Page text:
|A throng of film fans and cat ladies gathers outside Birmingham’s famed Alabama Theatre.|
Though my father hails from Alabama, my time spent in the Yellowhammer State consists mostly of quick hours passing though or day-trips for weddings, funerals and hikes. It doesn’t make any sense, however, to cover Georgia’s film festival circuit so thoroughly but ignore a colorful and highly revered festival in our neighboring state—and at that, only two hours away! I’ve glanced at the Sidewalk Moving Picture Festival (now more commonly abbreviated to the Sidewalk Film Festival) in years past, but this is the first time I’ve ever paid it much attention.
Now in its 15th year, Sidewalk is a well-oiled machine that spans across Birmingham’s large and heavily masoned downtown. Six main venues, ranging from the beautiful Alabama Theatre and smaller theaters like the Carver to First Church Birmingham and the Alabama School of Fine Arts. Panel discussions, ‘Sidetalks’ and parties also bring in the crowds, but the main attraction is a strong lineup.
Featuring many familiar titles from the year’s earlier festivals —Sundance, SXSW, Atlanta, Tribeca—the fest also showcases many strong features and documentaries that would simply not show up in Birmingham’s cinemas due to limited release platforms. An emphasis on Alabama’s independent film industry is also front-and-center, shedding a bright light on local talent.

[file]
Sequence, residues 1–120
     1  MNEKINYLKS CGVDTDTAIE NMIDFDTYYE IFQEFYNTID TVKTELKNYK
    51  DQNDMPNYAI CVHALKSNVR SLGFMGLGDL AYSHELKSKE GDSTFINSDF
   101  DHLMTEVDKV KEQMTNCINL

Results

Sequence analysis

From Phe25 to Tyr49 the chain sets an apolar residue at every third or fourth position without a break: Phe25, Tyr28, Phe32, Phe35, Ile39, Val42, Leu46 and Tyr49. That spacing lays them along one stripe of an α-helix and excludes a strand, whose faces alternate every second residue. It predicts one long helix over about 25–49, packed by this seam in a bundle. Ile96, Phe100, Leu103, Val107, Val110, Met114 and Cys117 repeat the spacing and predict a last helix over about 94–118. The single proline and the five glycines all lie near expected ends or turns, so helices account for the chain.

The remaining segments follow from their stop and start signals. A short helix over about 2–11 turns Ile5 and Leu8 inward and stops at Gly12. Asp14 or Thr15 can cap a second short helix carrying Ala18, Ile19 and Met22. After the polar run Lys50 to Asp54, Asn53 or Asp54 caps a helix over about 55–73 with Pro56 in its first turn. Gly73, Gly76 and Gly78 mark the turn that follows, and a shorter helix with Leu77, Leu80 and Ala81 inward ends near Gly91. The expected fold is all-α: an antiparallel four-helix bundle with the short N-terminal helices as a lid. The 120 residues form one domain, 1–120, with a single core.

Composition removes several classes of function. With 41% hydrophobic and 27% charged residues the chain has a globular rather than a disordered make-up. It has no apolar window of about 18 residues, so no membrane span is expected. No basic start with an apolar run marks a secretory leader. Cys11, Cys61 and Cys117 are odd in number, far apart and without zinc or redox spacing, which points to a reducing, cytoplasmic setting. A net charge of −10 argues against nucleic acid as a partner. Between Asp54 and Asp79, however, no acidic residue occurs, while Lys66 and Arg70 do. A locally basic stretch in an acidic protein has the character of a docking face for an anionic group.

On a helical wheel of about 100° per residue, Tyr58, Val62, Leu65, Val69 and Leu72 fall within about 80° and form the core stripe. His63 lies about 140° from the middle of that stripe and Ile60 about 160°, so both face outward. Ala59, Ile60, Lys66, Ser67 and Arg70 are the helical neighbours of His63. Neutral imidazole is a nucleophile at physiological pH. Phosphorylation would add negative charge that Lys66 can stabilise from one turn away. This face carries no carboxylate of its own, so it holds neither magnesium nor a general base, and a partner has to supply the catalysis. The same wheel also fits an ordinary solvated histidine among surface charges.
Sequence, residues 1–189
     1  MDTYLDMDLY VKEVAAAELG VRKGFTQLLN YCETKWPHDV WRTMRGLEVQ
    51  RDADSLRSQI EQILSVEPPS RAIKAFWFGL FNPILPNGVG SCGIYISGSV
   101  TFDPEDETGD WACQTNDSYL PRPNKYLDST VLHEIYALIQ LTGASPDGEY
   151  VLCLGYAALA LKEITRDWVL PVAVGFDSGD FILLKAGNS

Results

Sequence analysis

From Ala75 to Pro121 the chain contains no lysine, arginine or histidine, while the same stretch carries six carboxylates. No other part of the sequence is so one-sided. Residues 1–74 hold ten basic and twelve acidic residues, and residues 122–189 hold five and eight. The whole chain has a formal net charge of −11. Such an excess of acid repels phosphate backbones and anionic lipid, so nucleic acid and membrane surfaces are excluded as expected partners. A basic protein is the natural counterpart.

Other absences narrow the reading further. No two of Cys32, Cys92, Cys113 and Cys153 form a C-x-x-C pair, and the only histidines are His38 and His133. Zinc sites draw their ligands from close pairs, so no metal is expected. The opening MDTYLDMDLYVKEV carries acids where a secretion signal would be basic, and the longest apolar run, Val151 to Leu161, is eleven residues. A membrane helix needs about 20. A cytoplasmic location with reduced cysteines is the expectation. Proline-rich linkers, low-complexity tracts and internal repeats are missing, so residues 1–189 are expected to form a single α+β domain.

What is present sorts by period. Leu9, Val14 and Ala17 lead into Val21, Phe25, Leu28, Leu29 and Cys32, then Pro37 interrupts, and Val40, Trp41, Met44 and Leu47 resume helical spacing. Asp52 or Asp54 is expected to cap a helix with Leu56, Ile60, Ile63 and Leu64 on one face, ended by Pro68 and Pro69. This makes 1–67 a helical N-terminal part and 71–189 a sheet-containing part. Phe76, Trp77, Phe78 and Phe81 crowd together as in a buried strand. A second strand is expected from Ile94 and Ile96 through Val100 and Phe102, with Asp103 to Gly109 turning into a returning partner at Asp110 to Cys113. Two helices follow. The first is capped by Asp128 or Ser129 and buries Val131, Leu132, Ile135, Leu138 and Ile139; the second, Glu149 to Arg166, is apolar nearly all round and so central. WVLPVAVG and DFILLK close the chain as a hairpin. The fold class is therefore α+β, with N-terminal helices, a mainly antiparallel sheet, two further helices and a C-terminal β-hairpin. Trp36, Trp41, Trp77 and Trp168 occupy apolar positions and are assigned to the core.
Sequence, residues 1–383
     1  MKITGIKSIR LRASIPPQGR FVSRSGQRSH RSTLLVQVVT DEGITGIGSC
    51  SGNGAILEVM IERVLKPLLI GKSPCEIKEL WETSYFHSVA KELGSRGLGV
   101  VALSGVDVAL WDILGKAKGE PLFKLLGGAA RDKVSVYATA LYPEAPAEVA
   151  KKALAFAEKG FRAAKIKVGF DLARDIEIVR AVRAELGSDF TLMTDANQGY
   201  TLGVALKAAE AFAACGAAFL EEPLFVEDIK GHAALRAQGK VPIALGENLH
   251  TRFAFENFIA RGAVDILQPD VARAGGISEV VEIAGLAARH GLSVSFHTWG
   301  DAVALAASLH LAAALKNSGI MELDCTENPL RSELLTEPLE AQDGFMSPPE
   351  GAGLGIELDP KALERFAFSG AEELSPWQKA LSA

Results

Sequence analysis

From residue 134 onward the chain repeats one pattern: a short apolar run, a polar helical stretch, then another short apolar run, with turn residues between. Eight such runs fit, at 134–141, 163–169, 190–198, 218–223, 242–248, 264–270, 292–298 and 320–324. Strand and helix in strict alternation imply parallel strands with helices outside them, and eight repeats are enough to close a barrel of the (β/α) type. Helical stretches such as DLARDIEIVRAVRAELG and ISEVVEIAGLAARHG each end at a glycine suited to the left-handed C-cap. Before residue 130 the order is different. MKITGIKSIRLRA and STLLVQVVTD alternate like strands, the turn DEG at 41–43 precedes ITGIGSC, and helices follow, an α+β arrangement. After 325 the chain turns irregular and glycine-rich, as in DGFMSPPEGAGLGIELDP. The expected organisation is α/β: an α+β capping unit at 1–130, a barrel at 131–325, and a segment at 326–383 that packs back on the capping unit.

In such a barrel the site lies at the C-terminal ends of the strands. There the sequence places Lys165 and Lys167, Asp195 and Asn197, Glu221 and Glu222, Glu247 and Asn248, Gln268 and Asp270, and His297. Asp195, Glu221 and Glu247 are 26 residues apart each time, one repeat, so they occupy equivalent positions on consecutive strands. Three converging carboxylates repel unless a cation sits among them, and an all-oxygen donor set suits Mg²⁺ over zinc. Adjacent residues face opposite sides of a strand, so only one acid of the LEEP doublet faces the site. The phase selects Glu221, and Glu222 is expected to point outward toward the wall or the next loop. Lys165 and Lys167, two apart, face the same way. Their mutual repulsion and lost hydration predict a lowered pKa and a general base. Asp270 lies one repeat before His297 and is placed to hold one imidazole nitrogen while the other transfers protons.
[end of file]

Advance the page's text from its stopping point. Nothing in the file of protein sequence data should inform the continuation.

This year’s opening film was “Lil Bub & Friendz,” a Tribeca hit that speaks to a specific audience—internet cat video fans. But let’s be honest, everyone is at least a little bit of an internet cat video fan, even if you aren’t actually a cat fan. By the end of the credit roll, as filmmaker Juliette Eisner and stars Mike Bridavsky and Lil Bub strolled on out, the packed-out audience at the Alabama Theatre was in a transcendent state.
|Lil Bub and Mike Bridavsky star in “Lil Bub & Friendz”|
How does one review a film like “Lil Bub & Friendz?” First of all, I am both a fan of cats and of internet cat videos. Although, obviously, my attention is lacking in the cat video department since I was unaware of Bub’s internet celebrity two weeks ago. Now educated, I walked away a fan—both of Bub and the film—but saw the entire existence of the film as superfluous. Cute, fun, entertaining, but unnecessary. Arguments can be made for and against the necessity of many films, though, so I won’t dwell on it.
It is impossible for me to disparage a documentary that both name-drops Sufjan Stevens and includes lines like ‘I can’t wait ’til I get off work at Arby’s. I’m gonna go smoke meth and chill with my lions.’ Two-year-old perma-kitten Bub never ceases to cue the oohs and aahs, but plenty of credit has to go towards Mike Bridavsky, her owner and co-star. Bridavsky is every bit as lovable as the so-called cutest cat on earth; his sincerity and transparency are effortlessly captivating.
Scenes with fans in Minneapolis are meant to offer a wider scope on the Bub phenomenon, but only detract from the film’s focus. “Lil Bub & Friendz” is barely feature length—and frankly doesn’t need to be. A shorter cut would have allowed the film the same sense of enchantment without self-imposing an invisible length-to-triviality ratio.
Regardless of exigency—or the lack of—”Lil Bub & Friendz” is precious.
3 out of 5 stars.